By: Blonde Two
An interesting and important warning from Mountaineering Scotland came through this week after walkers in Scotland, who had all the right equipment and were confident with their navigation, managed to walk east instead of west in poor visibility. Their error was thought to be due to a magnet on clothing. We Blondes have warned before about keeping compasses away from mobile phones and other electronics but the clothing one is new to us. 180-degree compass errors aren’t unusual, there are a few points during the bearing setting process that can result, particularly if you are tired, in a complete reversal of direction (if you ever hear a Blonde muttering ‘north to north’ you will know that she is concentrating!) There are a few ways that you can avoid the unfortunate consequences of this navigation error (which will happen to any navigator eventually).
- Be aware of your surroundings, always trust your compass, but don’t be afraid to question it if it is sending you uphill when your map suggests downhill or towards the sun when you know you should be walking north (this becomes far more tricky, but not impossible in poor visibility or at night). If you are still learning about translating what you see on the map to what to expect on the land, OS Maps offers a great 3D aerial view and gives you the opportunity to look before you walk.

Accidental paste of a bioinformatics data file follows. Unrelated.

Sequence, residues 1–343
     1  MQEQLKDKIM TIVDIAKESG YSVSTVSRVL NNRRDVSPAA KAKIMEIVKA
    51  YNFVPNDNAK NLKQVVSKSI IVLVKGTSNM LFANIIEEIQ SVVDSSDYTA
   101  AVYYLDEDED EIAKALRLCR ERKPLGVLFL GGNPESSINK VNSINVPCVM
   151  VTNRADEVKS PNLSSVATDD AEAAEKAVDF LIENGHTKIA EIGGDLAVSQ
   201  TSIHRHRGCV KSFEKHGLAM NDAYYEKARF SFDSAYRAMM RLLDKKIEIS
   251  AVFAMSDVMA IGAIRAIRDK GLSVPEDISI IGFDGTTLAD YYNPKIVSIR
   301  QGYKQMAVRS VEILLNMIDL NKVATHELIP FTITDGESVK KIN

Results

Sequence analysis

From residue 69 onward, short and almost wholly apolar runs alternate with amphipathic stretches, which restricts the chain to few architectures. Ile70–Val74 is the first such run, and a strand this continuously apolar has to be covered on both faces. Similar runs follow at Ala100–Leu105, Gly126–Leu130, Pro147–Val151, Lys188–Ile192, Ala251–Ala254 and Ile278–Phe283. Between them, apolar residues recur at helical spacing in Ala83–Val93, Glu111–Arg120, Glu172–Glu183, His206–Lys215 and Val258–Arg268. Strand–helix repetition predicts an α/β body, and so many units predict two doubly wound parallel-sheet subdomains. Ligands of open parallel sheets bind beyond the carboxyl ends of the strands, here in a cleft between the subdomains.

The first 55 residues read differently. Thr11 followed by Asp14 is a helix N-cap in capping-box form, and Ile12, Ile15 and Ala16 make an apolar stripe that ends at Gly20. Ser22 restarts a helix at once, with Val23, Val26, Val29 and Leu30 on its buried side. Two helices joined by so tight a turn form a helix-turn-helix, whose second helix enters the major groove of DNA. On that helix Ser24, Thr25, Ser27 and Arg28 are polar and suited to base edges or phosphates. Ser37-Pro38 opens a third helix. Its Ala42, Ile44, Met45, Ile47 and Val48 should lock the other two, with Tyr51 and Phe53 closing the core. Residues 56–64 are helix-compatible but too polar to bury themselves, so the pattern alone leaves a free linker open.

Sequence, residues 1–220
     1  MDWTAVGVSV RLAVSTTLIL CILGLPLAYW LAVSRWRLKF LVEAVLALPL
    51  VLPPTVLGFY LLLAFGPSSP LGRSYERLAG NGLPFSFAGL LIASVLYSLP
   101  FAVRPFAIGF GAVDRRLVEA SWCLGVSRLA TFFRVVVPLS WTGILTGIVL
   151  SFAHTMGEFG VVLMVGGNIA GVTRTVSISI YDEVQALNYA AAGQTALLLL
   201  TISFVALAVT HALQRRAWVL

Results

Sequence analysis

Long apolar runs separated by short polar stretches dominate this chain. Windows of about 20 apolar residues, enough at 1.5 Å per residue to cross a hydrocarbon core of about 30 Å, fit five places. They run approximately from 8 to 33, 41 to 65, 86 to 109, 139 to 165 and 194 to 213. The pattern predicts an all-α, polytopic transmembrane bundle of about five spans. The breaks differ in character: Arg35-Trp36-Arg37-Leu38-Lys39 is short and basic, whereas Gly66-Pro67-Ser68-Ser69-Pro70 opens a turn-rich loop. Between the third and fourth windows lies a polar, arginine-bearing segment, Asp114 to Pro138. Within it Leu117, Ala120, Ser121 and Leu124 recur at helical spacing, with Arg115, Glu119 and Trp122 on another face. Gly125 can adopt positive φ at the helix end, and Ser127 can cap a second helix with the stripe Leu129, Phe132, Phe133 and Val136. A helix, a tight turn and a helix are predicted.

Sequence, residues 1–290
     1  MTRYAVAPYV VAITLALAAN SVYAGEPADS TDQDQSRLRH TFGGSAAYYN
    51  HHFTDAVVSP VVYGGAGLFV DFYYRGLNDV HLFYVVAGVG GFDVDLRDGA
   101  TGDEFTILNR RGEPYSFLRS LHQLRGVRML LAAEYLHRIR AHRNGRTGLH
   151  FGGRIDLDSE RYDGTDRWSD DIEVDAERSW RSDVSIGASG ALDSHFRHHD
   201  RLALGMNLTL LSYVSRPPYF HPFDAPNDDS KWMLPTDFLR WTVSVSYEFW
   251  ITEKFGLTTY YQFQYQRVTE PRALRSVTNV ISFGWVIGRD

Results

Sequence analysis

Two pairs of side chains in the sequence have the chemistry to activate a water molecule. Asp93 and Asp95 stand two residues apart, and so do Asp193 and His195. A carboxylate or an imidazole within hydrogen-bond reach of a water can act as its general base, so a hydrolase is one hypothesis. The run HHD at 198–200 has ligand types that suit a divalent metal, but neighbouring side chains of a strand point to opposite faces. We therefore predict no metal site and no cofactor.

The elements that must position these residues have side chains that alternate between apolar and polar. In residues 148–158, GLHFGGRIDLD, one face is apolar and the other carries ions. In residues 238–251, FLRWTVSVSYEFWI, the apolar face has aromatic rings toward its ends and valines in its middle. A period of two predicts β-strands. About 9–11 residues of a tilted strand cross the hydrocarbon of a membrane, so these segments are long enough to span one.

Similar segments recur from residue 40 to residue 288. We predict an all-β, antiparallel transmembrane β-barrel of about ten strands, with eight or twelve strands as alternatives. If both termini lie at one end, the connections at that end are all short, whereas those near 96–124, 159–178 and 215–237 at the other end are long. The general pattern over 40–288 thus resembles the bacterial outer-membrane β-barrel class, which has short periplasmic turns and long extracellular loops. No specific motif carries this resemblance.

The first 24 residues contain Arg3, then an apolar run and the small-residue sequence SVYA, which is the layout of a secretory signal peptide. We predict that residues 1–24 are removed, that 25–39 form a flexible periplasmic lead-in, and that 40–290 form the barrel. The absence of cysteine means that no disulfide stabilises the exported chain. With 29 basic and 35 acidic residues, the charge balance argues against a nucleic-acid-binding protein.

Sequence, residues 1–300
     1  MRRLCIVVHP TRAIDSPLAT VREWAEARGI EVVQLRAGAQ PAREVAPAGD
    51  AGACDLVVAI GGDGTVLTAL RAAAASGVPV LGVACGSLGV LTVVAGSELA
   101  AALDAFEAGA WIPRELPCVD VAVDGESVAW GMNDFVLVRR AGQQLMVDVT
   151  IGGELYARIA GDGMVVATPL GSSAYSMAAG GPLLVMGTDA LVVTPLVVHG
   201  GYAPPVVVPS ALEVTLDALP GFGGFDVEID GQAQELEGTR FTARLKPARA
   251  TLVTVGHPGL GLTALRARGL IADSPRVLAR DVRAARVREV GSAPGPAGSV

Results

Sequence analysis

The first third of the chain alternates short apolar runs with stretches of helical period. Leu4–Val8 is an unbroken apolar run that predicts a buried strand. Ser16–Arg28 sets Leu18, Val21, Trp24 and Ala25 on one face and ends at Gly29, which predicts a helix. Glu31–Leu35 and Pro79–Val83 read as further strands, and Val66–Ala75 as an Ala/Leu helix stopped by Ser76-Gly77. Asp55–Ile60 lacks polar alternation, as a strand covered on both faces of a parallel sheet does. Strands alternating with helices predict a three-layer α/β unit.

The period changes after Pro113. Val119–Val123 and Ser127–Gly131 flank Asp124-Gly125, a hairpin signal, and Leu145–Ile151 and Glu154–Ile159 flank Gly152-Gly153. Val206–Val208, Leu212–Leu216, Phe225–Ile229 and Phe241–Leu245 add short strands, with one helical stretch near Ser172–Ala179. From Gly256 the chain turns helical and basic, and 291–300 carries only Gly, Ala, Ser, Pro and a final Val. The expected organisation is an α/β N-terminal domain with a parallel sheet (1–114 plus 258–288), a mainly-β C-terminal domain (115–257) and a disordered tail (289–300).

- When the stakes are high, ask your walking partner to take a bearing as well. It is unlikely that both of you will make the same mistake or that both compasses will show the same error (although there are some natural phenomena that can cause compass deviation). Compare your bearing results and take steps to amend if they differ.
- Carry a spare compass at the bottom of your rucksack but away from any electronic devices. Compasses can break and lose themselves at the most inconvenient of moments and a replacement could be vital. Another great thing about carrying a spare compass, particularly if you are on your own, is the ability to check a reading that you are questioning on your main compass.
- If you really are in a spot, a mobile phone app could get you out of trouble. We Blondes would put this fifth on the navigation safety list after map, compass, compass skills and spare compass but we have used both OS Maps and OS Locate to confirm a location. A friend and I once even managed to take a reasonable bearing from a paper a map using OS Locate.
Navigation skills take practice but are not difficult to learn with the right training. Even the basic of map and compass navigation can get you out of a sticky outdoor situation. Find out more about our navigation courses here.